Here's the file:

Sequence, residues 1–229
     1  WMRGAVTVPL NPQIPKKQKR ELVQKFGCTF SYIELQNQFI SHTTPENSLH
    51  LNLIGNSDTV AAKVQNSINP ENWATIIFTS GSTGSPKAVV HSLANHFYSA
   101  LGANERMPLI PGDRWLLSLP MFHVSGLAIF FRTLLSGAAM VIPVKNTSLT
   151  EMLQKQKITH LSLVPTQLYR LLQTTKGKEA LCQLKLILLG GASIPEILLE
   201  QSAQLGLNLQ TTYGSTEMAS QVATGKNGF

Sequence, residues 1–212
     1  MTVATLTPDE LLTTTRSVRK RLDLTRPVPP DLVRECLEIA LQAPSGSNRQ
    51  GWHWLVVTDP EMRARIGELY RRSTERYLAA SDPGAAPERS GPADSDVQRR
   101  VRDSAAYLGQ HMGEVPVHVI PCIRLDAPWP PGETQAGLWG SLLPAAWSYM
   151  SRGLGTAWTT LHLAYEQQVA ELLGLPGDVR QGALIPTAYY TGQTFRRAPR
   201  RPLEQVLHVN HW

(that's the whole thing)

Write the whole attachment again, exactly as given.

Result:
Sequence, residues 1–229
     1  WMRGAVTVPL NPQIPKKQKR ELVQKFGCTF SYIELQNQFI SHTTPENSLH
    51  LNLIGNSDTV AAKVQNSINP ENWATIIFTS GSTGSPKAVV HSLANHFYSA
   101  LGANERMPLI PGDRWLLSLP MFHVSGLAIF FRTLLSGAAM VIPVKNTSLT
   151  EMLQKQKITH LSLVPTQLYR LLQTTKGKEA LCQLKLILLG GASIPEILLE
   201  QSAQLGLNLQ TTYGSTEMAS QVATGKNGF

Sequence, residues 1–212
     1  MTVATLTPDE LLTTTRSVRK RLDLTRPVPP DLVRECLEIA LQAPSGSNRQ
    51  GWHWLVVTDP EMRARIGELY RRSTERYLAA SDPGAAPERS GPADSDVQRR
   101  VRDSAAYLGQ HMGEVPVHVI PCIRLDAPWP PGETQAGLWG SLLPAAWSYM
   151  SRGLGTAWTT LHLAYEQQVA ELLGLPGDVR QGALIPTAYY TGQTFRRAPR
   201  RPLEQVLHVN HW